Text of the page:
For those interested in going farther afield and exploring Birmingham’s history, the School of Health Professions’ wellness and diversity, equity and inclusion committees created seven routes that visit notable murals and landmarks in the Civil Rights District, Railroad Park area and more.
Menear started leading walking meetings at the School of Education in fall 2019. These are small-group meetings, she explained — “one-on-ones or up to a maximum of four people, so the group stays together and can make eye contact.”
The School of Education’s wellness committee mapped out indoor and outdoor walking trails in its new home in the Education and Engineering Complex, so there are options for nice weather and for steamy or stormy days as well. “Where we walk is personal preference each time and depends on factors such as attire, shoes, weather, need for confidentiality and how long the meeting will last,” Menear said.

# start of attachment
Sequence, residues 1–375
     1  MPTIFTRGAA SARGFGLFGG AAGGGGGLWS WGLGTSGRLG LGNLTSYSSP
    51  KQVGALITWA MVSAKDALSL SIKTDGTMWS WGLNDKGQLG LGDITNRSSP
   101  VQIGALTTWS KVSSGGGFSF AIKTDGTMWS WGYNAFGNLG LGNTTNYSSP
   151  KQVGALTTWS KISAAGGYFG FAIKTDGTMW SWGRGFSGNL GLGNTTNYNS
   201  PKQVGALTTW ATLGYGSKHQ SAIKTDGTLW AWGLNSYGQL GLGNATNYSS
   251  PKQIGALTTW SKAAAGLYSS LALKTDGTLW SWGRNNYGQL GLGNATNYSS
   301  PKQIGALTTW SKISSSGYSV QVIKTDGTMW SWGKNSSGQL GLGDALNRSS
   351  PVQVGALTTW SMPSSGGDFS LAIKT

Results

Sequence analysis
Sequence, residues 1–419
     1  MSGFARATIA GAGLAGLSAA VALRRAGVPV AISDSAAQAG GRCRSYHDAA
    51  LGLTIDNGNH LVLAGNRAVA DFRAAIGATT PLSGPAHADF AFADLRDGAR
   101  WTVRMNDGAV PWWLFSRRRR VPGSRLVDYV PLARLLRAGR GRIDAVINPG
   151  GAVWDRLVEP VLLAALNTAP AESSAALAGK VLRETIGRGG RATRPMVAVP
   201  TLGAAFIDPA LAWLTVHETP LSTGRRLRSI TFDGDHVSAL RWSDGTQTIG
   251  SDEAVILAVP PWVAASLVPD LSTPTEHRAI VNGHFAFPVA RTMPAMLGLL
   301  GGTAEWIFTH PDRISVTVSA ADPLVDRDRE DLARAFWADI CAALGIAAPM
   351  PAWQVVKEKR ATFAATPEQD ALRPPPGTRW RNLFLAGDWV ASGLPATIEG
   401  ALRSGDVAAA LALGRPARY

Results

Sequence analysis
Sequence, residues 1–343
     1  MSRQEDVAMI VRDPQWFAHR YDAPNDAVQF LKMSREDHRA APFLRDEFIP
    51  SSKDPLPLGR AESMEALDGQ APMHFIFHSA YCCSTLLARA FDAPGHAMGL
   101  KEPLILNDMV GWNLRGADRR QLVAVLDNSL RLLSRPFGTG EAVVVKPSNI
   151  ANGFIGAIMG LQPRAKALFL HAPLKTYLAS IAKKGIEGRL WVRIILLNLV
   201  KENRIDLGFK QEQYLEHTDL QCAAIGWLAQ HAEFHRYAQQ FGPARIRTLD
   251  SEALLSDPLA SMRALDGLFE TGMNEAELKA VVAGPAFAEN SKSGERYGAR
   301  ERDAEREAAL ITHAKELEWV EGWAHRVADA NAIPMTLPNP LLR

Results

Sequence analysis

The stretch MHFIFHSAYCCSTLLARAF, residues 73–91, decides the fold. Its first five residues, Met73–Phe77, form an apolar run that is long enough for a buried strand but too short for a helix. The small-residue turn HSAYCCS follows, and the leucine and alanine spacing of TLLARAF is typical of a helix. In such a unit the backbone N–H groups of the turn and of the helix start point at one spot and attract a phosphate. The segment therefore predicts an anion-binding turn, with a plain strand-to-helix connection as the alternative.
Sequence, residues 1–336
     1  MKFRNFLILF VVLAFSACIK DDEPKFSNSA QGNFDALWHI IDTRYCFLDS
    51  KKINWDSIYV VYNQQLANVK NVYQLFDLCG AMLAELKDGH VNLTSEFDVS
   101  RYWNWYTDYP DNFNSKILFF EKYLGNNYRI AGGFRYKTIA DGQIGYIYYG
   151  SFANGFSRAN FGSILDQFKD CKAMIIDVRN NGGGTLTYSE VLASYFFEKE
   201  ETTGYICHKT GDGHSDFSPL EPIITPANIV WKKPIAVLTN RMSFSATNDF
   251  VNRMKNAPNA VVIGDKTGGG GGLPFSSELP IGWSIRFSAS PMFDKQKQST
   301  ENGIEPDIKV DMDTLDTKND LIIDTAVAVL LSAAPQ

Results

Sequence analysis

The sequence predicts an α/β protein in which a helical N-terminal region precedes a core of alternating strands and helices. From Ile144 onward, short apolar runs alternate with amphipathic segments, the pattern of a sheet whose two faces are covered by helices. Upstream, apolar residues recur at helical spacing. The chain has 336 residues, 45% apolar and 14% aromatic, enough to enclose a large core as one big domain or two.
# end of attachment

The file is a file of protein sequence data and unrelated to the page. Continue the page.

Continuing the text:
Here’s Menear’s advice for anyone looking to start a walking meeting:
Plan ahead. “Discuss ‘walking meeting’ when the location of the meeting is being determined. That way, everyone is prepared — bringing their walking shoes, for instance.”
Will it work on the go? “Walking meetings work best when the purpose of the meeting is discussion and people will not need to use electronic devices or read paper during the meetings.”
Need new ideas? Go for a walk. “We have found that the movement, change of scenery and level of engagement during the walking meetings all lead to a lot of idea generation … [and] “be prepared to take notes during the meeting, which can be done on a smartphone or small paper notebook.”
Give it a try. “Try a spontaneous walking meeting when you stop to chat with someone you just ran into. Walk for five minutes together and catch up with each other while you are walking.”
Set a goal. Keep the practice going by “setting a goal for yourself to have a minimum number of walking meetings over a given period of time.”